Andrew Butler has achieved a significant victory in a property damage case which raised important questions about the entitlement of tenants to benefit from their landlord's property insurance.
The facts of Fresca-Judd v Golovina were that the tenant, G, took an 18-month tenancy of a cottage in Wiltshire. Having moved in shortly before Christmas, she returned to London before New Year, leaving the property vacant. While she was away, a pipe burst caused extensive flooding damage. The landlord, F, who was obliged by a term of the lease to effect property insurance, was compensated by her insurers, and the insurers brought a subrogated claim against G. They alleged that (in breach of an express term in the lease) G had switched off the heating before vacating.
Andrew argued that, notwithstanding the absence of any obligation on the part of G to contribute to the insurance premium, the obligation of F to insure the property could only sensibly be interpreted as existing for F and G’s joint benefit. The parties had to be taken to have agreed that F would look to the insurers for compensation, rather than to G; and insurers exercising rights of subrogation could not be in a better position than F.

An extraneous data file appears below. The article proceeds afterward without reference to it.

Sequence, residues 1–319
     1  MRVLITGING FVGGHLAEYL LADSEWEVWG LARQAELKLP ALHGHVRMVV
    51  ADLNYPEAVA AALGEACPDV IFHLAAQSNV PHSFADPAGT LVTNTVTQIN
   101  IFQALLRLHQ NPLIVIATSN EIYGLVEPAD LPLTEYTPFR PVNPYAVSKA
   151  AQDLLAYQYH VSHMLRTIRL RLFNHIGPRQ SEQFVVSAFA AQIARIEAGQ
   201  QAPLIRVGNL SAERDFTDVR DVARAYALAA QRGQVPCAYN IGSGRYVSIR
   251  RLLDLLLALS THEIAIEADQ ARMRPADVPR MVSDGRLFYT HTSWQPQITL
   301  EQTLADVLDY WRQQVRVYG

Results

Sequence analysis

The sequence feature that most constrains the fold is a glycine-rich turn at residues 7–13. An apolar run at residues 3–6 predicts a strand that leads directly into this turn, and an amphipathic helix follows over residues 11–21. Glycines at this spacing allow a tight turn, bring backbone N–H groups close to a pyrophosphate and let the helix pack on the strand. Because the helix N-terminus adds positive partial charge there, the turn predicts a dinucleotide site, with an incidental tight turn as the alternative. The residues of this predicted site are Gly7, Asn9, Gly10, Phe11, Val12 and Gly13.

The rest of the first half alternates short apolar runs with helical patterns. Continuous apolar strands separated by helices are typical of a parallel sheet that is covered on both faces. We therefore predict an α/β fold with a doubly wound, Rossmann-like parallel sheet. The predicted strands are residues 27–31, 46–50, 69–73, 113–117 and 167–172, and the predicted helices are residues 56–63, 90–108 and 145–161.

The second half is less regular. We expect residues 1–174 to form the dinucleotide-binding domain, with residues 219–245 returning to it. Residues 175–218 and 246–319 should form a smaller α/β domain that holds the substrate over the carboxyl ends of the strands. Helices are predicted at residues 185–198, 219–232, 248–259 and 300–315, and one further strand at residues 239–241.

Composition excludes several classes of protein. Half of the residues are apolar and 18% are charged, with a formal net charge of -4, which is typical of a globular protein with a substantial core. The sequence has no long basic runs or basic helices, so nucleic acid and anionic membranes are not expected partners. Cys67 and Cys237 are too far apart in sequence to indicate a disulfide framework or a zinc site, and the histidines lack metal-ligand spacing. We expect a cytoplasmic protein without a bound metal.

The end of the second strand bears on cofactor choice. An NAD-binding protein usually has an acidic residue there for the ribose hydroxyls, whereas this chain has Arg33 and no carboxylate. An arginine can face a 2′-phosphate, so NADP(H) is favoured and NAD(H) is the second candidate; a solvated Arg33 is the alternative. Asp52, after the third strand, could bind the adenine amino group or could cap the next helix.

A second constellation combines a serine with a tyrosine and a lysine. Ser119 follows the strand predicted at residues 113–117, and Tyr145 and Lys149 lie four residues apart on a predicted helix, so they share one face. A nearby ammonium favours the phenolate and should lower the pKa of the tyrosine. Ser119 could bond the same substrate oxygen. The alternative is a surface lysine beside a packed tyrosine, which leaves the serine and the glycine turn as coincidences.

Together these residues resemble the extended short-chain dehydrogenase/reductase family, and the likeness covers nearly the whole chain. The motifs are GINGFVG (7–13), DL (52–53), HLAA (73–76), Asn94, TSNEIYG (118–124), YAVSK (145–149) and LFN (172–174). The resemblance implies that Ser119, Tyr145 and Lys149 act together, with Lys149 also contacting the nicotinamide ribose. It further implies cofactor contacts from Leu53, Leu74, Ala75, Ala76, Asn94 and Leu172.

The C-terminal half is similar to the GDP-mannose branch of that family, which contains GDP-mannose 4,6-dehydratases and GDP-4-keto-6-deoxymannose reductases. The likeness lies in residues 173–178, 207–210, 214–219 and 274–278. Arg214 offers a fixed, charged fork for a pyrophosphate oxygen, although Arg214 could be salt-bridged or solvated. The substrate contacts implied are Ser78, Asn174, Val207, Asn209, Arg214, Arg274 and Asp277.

In a judgment given on Friday 5 February 2016, Holgate J agreed with this contention, also holding (for good measure) that insurers had not proved, on a balance of probabilities, that G had turned off the heating. In particular, they had not successfully excluded the possibility of simple mechanical failure.
The case was widely reported in the National Press and a copy of the judgment can be obtained via Lawtel.
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